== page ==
Dairy Price Rebound Ahead after GDT Cool-Down?
May 20, 2013
Though the spring price rally has stalled, summer is poised to bring weather-driven markets, lower milk production and resurging demand.
By Derek V. Nelson, INTL FC Stone
The results of the GlobalDairyTrade (GDT) auctions over the past several months have been a key factor reflected in the rise of dairy prices both here in the U.S. and on an international basis, most noticeably during the rally witnessed in the months of March and April when Class III prices gained over $2 per cwt.
The rise of the GDT prices reflected continually disintegrating conditions in New Zealand as scorching heat and the most wide-spread drought experienced in 30 years devastated pastures and curtailed the milk production of the dairy product exporting juggernaut.
For the months of March and April, the GDT Trade Weighted Index (TWI) Price Index rattled off double-digit gains for three consecutive events before tapering off. Domestic dairy futures soared. Class III prices eclipsed the $20 per cwt. level, butter futures pushed into the upper $1.80s and NFDM into the mid-$1.70s. Then, during the mid-April event, rains finally returned and alleviated immediate concerns relating to dairy product availability out of New Zealand. Tempers cooled, bringing to a rather abrupt end the explosive rally in prices of the dairy commodities.
Through the month of May, the past two GDT auctions results have portrayed a shifting away from the bullish sentiment that feverish gripped the dairy marketplace. Gone are the calls for $2.00 + cheese and $25 per cwt. Class III milk, having been replaced by a pessimism, has producers looking to protect their downside price risk while dairy end-users sit on their hands waiting for the bottom to develop in the markets before locking in their needs for the remainder of the year.
So, where will the markets go from here, and what are the factors that will be driving price action in the near term?
Despite the slumping GDT auction prices, there remains a tightness of dairy products around the globe. The heavy rains in New Zealand have done little to salvage the tail end of their production season and, without up-to-date cull numbers out of the region, we cannot be too certain that their production rates will return to the levels seen during the 2011/12 season. European production has been hampered by a lingering winter and a less than ideal spring. Domestically we have had our own weather issues to contend with as a late-emerging spring in the North and a rapid escalation of temperatures out West have created an uneven and staggered spring flush across the nation.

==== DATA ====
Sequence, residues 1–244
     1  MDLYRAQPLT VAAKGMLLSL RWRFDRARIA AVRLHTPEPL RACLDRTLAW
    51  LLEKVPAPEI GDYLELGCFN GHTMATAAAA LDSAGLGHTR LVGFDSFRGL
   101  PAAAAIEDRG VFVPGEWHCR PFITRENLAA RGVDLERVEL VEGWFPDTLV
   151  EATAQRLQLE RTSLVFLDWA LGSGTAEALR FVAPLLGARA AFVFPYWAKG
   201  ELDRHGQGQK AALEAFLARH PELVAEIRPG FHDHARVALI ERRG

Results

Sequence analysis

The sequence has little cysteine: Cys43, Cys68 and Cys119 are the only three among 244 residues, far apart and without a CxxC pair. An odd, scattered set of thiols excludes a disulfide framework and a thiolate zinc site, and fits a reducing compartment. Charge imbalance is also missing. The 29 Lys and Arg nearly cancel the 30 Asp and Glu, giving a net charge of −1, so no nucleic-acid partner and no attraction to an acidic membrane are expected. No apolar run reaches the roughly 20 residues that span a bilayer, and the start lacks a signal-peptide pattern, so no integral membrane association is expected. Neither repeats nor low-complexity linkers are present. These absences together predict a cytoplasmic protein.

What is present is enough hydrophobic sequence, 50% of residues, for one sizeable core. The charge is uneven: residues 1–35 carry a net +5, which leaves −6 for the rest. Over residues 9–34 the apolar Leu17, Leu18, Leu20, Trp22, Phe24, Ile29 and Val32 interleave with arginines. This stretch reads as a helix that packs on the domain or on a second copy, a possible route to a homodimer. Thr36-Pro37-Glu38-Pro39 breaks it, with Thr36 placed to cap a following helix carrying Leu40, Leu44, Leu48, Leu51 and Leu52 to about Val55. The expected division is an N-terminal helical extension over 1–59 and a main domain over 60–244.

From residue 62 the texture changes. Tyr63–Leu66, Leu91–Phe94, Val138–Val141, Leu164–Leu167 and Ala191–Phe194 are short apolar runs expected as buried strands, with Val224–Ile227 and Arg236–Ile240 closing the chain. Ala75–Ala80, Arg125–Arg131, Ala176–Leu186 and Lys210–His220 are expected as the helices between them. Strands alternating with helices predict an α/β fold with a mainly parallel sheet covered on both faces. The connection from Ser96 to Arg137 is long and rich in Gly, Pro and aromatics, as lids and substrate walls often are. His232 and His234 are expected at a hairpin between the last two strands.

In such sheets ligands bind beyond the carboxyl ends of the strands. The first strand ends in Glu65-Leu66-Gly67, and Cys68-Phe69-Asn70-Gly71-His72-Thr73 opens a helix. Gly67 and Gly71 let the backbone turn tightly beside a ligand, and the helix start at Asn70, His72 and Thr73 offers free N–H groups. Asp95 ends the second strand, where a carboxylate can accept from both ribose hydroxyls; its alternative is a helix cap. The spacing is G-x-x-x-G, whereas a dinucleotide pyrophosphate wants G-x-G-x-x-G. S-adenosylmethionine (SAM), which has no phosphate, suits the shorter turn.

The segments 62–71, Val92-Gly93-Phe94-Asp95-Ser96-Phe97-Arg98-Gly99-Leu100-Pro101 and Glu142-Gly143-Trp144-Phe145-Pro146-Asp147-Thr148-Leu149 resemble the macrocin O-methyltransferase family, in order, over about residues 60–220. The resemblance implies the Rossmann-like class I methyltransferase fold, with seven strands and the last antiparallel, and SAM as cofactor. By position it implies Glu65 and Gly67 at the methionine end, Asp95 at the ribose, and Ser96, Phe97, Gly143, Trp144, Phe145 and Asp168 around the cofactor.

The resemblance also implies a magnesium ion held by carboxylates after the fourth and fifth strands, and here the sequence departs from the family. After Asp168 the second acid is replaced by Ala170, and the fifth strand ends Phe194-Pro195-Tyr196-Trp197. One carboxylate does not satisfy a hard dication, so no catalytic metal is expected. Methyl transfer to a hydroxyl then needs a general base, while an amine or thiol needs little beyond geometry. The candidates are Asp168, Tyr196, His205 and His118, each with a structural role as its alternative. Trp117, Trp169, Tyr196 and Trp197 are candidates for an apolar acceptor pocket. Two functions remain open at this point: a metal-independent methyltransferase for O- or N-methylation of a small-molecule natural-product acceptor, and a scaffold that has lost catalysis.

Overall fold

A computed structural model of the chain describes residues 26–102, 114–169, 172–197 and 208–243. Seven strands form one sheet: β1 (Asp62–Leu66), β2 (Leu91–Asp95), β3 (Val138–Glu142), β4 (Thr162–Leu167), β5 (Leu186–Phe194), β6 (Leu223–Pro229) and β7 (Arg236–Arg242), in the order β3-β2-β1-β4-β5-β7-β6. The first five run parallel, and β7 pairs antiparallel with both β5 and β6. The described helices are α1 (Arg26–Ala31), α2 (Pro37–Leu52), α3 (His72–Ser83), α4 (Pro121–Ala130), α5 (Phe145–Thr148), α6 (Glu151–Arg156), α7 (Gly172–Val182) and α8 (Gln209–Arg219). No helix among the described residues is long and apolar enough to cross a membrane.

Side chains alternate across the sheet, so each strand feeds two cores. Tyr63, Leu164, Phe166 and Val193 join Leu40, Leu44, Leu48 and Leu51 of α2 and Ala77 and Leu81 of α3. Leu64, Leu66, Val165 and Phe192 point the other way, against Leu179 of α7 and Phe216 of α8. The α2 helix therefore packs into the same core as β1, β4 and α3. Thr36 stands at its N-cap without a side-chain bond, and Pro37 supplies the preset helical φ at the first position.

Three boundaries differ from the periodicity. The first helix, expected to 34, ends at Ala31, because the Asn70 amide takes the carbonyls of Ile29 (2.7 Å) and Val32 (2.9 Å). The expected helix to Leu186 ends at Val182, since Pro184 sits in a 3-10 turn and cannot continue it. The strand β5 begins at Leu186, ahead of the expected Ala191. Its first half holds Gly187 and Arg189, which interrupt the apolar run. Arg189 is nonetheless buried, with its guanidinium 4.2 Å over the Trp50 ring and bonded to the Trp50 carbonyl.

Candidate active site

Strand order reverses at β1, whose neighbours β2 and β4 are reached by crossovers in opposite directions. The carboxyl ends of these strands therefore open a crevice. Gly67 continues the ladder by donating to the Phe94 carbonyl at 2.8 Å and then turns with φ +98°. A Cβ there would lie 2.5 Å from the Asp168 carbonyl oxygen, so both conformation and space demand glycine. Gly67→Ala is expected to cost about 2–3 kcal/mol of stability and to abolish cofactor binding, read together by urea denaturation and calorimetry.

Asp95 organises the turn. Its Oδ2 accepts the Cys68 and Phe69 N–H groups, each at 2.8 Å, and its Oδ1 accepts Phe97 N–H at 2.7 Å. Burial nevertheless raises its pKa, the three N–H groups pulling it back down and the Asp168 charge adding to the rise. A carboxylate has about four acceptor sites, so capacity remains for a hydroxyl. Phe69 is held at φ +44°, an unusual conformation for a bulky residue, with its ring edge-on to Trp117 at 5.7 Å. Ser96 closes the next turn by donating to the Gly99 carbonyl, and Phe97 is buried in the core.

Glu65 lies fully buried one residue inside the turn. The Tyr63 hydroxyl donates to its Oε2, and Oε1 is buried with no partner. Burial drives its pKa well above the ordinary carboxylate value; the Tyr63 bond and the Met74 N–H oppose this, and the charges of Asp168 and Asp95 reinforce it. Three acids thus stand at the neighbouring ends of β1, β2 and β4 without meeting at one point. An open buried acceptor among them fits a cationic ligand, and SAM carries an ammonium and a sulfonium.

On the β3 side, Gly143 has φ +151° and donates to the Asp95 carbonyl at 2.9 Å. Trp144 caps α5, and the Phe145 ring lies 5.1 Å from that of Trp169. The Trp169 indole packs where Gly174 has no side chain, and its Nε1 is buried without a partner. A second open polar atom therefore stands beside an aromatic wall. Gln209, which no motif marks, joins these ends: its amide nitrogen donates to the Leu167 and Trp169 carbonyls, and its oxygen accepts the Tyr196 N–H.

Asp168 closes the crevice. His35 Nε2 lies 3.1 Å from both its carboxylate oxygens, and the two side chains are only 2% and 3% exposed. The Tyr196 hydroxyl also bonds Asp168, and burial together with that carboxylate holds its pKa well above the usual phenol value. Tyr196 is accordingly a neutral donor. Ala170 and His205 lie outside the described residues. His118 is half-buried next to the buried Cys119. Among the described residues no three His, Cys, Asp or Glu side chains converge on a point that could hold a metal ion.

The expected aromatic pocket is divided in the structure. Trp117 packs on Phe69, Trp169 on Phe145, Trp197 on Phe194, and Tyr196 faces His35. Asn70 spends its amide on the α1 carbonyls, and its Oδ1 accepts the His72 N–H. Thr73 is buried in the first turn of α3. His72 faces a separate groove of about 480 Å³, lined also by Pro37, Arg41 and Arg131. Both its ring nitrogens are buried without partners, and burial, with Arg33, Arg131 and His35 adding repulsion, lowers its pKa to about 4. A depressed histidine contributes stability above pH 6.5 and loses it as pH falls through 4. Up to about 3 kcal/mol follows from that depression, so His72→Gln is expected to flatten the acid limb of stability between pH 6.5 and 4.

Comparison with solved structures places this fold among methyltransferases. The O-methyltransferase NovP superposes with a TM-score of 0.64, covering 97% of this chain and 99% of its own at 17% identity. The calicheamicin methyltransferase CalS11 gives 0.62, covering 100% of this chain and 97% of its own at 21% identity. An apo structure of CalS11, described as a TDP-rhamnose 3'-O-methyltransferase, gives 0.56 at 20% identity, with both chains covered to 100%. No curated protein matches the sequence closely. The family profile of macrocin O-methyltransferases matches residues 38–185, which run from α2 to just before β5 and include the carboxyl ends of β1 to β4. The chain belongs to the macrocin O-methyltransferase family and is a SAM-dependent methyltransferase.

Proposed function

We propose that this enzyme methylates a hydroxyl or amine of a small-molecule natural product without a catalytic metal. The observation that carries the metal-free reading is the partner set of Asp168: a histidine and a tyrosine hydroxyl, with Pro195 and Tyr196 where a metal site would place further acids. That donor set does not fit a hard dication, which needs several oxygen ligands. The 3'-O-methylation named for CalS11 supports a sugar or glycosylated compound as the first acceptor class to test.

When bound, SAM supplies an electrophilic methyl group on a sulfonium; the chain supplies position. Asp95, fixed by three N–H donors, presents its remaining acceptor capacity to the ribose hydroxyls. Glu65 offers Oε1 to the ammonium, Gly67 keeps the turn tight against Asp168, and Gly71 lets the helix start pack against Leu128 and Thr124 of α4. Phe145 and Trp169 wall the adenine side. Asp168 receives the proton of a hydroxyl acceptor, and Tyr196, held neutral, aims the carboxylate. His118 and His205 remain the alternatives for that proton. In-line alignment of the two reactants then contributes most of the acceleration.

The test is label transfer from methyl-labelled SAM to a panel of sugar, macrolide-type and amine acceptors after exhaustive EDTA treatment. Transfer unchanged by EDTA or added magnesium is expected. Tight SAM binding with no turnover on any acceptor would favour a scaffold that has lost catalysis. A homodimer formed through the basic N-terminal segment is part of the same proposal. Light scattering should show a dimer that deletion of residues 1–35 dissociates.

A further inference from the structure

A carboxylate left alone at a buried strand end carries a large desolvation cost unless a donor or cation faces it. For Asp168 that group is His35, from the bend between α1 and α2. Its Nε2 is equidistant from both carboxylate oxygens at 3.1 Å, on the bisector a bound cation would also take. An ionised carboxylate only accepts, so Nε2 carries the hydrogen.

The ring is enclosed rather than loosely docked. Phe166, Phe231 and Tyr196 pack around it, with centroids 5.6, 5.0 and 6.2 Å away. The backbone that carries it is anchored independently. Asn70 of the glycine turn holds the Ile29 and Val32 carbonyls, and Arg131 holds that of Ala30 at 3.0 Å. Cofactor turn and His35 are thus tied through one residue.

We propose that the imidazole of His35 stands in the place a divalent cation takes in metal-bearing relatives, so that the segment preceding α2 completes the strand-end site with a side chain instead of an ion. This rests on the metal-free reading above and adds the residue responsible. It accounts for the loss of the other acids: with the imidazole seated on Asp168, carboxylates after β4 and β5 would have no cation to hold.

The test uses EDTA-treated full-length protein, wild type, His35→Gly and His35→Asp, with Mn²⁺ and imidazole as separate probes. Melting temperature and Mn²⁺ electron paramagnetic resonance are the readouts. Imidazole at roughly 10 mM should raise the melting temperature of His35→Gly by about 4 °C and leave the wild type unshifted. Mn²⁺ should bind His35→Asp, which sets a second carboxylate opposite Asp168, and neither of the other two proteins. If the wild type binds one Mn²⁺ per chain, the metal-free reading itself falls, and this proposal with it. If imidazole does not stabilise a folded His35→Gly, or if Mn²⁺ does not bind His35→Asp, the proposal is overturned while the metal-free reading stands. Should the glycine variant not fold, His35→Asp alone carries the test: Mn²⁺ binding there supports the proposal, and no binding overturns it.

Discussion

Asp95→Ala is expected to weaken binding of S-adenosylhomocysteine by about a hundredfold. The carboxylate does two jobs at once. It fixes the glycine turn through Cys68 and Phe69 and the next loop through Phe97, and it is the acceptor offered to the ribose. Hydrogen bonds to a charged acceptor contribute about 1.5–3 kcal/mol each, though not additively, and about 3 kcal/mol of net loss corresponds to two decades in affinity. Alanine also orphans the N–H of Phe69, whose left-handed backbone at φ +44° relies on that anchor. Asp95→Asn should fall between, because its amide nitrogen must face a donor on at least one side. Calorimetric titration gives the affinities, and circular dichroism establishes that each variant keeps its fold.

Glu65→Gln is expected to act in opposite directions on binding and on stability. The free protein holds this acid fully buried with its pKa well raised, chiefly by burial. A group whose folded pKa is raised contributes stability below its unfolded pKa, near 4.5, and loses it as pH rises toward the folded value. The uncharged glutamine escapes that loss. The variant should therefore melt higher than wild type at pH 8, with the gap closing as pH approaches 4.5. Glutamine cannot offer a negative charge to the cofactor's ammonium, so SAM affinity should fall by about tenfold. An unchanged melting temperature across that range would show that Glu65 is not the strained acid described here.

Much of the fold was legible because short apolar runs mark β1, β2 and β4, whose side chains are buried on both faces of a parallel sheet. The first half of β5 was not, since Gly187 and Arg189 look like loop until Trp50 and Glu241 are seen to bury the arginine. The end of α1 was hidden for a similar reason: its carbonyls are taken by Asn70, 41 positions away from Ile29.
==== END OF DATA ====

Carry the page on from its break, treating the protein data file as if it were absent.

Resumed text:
Feed prices have benefited of late due to the sharp decline in grain prices, but concerns related to forage supplies in the Midwest and the Western states have led to rationing and/or alterations to feed mixtures, which have a negative impact on production levels. While the heavy rains over the past month have gone a long way to reduce drought conditions in much of the Corn Belt, the rain mixed with cool temperatures across the nation has whittled consumer demand as the grilling season has yet to materialize in many parts of the country.
Currently, domestic dairy commodity prices reflected upon the Chicago Mercantile Exchange have found a modicum of support, though continued weakness in the near term running through early June should be expected before summer’s heat starts to tamp down on milk production levels. The dairy markets -- like the grain and feed markets -- have become weather-driven at this time of year. As temperatures rise across the nation as we enter the long-awaited summer months, demand should increase, cutting into the burgeoning product supplies that have accumulated over the past several months, leading to a rebound in dairy prices across the board.
Derek Nelson is a Risk Management Consultant with the Chicago office of INTL FCStone. INTL FCStone offers comprehensive risk-management and margin hedging programs and services to dairy producers, processors, traders and end-users. You can reach Derek at 312-456-3623 or email@example.com.